What’s important

The meaning of life came to me in a slow moment of panic. I finally figured out what’s important. The only thing that really matters.

You need someone to care about. And who cares about you. You need someone to worry about, and who worries about you. You need someone to look after when they get sick, as they would look after you when you get sick. You need someone to share your life with. Just having yourself is not enough.

The people you used to care about, worry about, share your life with are gone now. They come to you in dreams, and in that surreal other world you have your life back, only to wake up in the same void of reality. It becomes hard then to get up and face the day without them, without any of them, not one.

There are bloggers out there who despise me for my pitiful — and to them, pitiable — posts about loss and loneliness. One posted a nasty poem about me “bemoaning my fate… boo hoo…” She erased it right after but not before I had read it.

She writes constantly and voluminously about her love for God, and I think what really set her off was when I lamented the continuing absence and silence of God in answer or non-answer to my prayerful entreaties for help. It’s funny how some of the nastiest comments I get are from so-called Christians, who tell me in most unchristian terms what they think of me. She pitied me in my “godless universe” and told me to drown my “sorrow in another glass of wine.”

First of all, let me set the record straight: I do not drink wine — I drink gin and rum and bourbon, so please, madam, do not add insult to injury.

Secondly, take your self-righteous sanctity and shove it.


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All ye who trust in God, start praying

America loves God

But does God love America?

‘In God We Trust’ is the official motto of the United States.

By a 1956 order of Congress, the words are inscribed on the walls of courtrooms and federal buildings, on dollar bills and coins. They are part of the national anthem, ‘The Star-Spangled Banner’ — Then conquer we must, when our cause it is just, / And this be our motto: ‘In God is our trust.’

Politicians always end their speeches with variations of “And God bless America.”

God is everywhere in America. Not many other countries extol and rely on the Christian God as much as America.

En Dios Confiamos

The Republic of Nicaragua lives by such a motto — En Dios Confiamos. There are others but they are few.

Certain organizations and advocates of separation of church and state object to the motto and file law suits from time to time to abolish it, but they fall by the wayside.

The opposition is a tiny voice in the wilderness. ‘In God We Trust’ as a motto and a code to live by is supported by a huge majority of citizens. America, after all, has more Christians than any other country in the world.

So, no doubt about it, America loves God. But — does God love America?

America has been a rowdy nation from the beginning. But it has also been a brave and resilient one. The citizenry has faced and overcome many apocalyptic events in 244 years. The list reads like a litany from hell.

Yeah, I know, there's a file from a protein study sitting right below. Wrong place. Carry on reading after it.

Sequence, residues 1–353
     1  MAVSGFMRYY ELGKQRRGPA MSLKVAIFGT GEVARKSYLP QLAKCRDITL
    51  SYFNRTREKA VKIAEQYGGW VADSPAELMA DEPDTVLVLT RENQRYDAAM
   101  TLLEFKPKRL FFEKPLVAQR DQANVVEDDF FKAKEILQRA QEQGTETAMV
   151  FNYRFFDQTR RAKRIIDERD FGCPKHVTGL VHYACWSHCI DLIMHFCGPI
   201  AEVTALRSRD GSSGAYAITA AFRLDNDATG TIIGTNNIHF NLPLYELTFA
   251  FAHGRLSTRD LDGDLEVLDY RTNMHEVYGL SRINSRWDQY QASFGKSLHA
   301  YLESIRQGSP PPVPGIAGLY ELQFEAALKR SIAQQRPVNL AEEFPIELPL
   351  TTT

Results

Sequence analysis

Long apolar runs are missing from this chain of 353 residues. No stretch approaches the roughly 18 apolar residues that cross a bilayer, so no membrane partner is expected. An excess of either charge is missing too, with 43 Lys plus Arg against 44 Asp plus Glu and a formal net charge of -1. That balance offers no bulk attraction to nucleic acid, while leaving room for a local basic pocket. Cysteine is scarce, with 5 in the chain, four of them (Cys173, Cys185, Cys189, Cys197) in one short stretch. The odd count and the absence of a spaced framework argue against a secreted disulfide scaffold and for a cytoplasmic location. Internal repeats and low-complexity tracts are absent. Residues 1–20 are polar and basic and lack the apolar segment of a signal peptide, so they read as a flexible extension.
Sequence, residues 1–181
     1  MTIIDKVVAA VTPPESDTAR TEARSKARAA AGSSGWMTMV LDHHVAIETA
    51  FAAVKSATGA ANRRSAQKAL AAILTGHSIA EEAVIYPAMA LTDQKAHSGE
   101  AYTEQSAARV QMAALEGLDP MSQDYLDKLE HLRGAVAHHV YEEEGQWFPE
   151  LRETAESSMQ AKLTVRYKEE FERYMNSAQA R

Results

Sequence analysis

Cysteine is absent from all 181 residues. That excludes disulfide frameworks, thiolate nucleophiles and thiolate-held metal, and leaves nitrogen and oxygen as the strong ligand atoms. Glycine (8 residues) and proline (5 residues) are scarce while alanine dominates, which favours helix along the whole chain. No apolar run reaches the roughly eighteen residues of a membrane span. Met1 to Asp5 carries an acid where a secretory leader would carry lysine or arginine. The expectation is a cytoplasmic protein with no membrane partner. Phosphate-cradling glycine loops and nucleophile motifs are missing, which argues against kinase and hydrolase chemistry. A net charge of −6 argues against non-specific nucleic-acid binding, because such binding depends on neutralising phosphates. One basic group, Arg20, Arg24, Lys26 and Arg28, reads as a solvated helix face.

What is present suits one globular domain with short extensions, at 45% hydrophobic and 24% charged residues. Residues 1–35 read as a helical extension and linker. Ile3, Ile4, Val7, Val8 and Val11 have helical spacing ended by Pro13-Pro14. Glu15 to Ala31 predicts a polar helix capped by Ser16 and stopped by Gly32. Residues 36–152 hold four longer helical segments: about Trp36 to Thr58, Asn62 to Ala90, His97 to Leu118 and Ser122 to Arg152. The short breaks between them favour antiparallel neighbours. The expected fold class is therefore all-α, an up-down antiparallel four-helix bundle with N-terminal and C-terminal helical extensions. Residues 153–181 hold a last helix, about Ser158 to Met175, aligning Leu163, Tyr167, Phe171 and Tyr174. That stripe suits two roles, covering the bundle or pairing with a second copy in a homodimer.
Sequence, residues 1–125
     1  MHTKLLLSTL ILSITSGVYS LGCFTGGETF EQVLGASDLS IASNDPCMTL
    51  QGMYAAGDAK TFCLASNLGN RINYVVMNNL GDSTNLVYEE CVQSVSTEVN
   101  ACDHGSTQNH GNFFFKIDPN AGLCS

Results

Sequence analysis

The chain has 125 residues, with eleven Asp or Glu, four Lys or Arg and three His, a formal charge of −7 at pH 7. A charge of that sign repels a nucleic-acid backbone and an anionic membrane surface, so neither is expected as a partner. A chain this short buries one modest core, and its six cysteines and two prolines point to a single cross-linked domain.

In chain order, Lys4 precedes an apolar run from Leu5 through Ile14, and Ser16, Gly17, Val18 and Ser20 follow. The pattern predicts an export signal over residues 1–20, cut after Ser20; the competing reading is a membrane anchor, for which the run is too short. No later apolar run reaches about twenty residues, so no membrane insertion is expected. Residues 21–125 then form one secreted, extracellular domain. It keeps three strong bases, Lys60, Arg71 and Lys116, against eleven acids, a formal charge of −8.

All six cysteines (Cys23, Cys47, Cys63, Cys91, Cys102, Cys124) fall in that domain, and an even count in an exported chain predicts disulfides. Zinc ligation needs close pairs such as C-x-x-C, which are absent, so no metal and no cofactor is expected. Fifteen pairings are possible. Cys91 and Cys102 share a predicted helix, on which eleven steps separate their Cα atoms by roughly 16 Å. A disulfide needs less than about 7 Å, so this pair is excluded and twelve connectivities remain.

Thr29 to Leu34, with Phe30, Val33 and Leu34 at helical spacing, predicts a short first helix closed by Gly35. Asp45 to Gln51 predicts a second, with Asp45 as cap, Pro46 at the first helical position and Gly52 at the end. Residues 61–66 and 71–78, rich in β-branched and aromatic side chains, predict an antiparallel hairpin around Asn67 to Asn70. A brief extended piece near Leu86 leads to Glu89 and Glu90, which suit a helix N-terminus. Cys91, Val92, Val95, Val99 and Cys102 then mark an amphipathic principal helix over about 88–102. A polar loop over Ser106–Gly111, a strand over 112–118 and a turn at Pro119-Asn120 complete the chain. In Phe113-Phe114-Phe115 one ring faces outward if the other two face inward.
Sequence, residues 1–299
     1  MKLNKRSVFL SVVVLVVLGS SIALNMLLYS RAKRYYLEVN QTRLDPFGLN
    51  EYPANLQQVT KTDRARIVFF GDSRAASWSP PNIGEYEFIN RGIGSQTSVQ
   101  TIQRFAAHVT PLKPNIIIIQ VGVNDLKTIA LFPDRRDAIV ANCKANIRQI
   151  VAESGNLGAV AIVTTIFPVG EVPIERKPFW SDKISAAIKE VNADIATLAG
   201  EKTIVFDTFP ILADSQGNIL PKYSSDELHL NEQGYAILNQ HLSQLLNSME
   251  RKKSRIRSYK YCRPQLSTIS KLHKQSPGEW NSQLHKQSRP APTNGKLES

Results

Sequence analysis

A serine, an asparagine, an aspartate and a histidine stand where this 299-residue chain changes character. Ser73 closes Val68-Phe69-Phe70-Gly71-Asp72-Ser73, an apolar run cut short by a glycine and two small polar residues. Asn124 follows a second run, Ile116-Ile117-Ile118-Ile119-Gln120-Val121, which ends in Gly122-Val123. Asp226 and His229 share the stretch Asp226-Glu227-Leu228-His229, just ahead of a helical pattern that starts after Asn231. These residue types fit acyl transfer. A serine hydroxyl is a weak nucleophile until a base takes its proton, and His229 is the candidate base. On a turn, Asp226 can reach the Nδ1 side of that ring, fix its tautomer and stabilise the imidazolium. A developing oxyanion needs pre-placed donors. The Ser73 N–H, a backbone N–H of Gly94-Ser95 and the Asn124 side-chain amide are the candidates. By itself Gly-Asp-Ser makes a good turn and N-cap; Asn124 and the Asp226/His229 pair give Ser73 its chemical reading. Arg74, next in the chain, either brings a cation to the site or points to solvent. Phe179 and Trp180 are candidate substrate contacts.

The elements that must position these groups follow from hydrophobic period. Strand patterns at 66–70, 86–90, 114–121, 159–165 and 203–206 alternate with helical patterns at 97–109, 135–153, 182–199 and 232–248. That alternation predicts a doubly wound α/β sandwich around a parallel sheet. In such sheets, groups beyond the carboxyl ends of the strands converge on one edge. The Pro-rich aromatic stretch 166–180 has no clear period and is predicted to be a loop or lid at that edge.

And 2020 is no exception — the unholy trinity of Covid, the deadly riots, and an election November 3rd that looms like a bad version of ‘Return of the Swamp Thing.’

For the millions of Americans who put their trust in God, there’s no better time to start praying. And praying hard. 


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All Souls Day

WEDNESDAY, 10:52 P.M.

The father thought about Ward 3C, the last place he had seen his son alive before the boy’s suicide.

His thoughts turned to the time his watch — an expensive gold Seiko his second wife had given him a few months earlier — stopped at 10:52 p.m. on Wednesday, November 2.

It was the day after Will’s funeral. His father was in a hotel room in Toronto, yelling in his Xanax and beer bewilderment that he was going to “get” the psychiatrist who had released Will from Ward 3C, perhaps before he should have.

In a black notebook in which he’d been keeping a record of past events the father angrily wrote: AINSLEY! THURSDAY! Apparently to confront the psychiatrist the next day and — do what? Threaten him? Kill him?

And that’s when the sweep second hand on his Seiko stopped dead. The batteries were supposed to last up to four years — he had been guaranteed this — and yet they gave out at that precise moment. Why then, at that very second?

The father considered the possibility that Will or Will’s spirit had stopped the watch because of what he had been yelling about the psychiatrist, knowing, as Will now possibly did, that he was on the wrong track, that it wasn’t Ainsley’s fault, or anyone’s fault.

The next day the father put the question to his ex-wife. She was a Catholic and had a belief that he envied. “Do you think Will stopped the watch because I was threatening to do something to the psychiatrist?”

“That’s possible,” she said. “But more likely, 10:52 p.m. Wednesday was the moment Will ascended to Heaven.”

The father was about as irreligious as you could get, but he liked the way his ex-wife’s mind worked.

“That was All Souls Day,” she said, “when Christians pray for the souls who are being purified in purgatory so they may enter Heaven.” The funeral had been held the day before, so it made sense, even to a pagan.

The father never got his watch fixed. It was a valuable clue, a historical artifact. He’d never tamper with stuff like that. It was found in his apartment after his own death, still frozen at 10:52.


Excerpted from original story -> https://billmichelmore.com/a-place-to-heal/


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